2 of 2 added tiny bit to the conclusion

Sodium is a difficult ion to estimate at home.

Since most sodium salts are water-soluble, colorimetric or spectroscopic methods are often employed, both of which I assume are not within arms' reach.

Some alternatives:

  1. Speaking of sodium estimation in foodstuff, it is usually determined by Mohr's method which involves the precipitation titration of $\ce{Cl-}$ ions. This is done under the assumption that sodium is mainly present as sodium chloride. Additionally, it will also register $\ce{Cl-}$ from other chlorides, and hence may give an elevated reading. You might be able to do this at home. Here is a page to help you with the process.

It is done in the presence of chromate ion ($\ce{CrO4^2-}$), and $\ce{Ag+}$ ions are added gradually. This precipitation happens initially:

$$\ce{Ag+ + Cl- <=> AgCl(s)}$$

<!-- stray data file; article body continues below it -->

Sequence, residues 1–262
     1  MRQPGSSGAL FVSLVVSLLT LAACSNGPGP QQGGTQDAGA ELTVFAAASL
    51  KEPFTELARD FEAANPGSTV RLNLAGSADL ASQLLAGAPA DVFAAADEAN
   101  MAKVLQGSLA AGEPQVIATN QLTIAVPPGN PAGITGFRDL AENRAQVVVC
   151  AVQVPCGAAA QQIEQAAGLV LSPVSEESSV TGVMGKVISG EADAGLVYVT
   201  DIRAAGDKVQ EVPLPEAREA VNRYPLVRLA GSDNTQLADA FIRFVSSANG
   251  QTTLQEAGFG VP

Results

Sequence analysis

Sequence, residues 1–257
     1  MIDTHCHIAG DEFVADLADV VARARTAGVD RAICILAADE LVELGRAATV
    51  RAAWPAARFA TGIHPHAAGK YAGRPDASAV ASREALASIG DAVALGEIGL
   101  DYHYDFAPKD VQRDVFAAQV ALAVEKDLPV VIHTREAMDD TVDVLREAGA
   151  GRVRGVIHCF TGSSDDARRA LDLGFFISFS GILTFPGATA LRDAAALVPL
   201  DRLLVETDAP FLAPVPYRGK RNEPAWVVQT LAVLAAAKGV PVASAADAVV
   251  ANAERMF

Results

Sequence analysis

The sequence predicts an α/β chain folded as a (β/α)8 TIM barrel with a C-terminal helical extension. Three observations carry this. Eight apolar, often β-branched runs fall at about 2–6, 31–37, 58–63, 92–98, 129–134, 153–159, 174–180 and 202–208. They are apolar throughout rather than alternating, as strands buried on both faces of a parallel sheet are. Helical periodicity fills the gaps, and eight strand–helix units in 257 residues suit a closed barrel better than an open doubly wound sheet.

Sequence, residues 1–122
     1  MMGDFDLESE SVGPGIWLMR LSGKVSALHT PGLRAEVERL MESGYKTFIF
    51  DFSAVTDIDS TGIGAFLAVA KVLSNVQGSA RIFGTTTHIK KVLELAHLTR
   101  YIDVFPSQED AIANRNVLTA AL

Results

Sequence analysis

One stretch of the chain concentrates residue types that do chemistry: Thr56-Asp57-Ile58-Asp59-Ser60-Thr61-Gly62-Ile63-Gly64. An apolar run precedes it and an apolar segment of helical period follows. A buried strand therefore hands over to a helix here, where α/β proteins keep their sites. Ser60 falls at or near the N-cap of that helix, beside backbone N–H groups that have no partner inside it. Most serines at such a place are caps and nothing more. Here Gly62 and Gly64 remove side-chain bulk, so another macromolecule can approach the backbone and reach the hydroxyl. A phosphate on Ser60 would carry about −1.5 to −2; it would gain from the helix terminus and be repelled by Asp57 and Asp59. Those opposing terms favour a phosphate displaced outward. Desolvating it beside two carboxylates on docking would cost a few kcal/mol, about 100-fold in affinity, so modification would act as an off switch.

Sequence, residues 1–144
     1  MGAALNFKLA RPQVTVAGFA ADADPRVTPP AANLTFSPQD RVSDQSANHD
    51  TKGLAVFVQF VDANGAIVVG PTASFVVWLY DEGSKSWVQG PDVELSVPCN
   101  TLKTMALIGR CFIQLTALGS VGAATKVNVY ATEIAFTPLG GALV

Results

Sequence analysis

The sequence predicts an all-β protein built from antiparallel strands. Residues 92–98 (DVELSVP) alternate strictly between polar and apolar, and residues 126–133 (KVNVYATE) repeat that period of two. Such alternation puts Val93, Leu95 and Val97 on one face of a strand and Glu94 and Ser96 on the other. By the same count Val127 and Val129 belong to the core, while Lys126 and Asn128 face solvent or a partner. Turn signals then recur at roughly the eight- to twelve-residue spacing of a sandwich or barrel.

When the solution runs out of $\ce{Cl-}$ ions, precipitation of the red-brown $\ce{Ag2CrO4}$ begins:

$$\ce{Ag+ + CrO4^2- <=> Ag2CrO4(s)}$$

This signals the end point.

  1. There are sodium ion meters, you can get them for ~300$.

  2. There is a volumetric estimation[1] for sodium directly, but it is not expedient to do it. It is based on the precipitation of sodium zinc uranyl acetate.


IMO it is difficult to do this as a home project, as it will require stuff that is not usually found at home to do it precisely.


[1] J. Am. Chem. Soc. 1931, 53, 9, 3288-3291 DOI: 10.1021/ja01360a011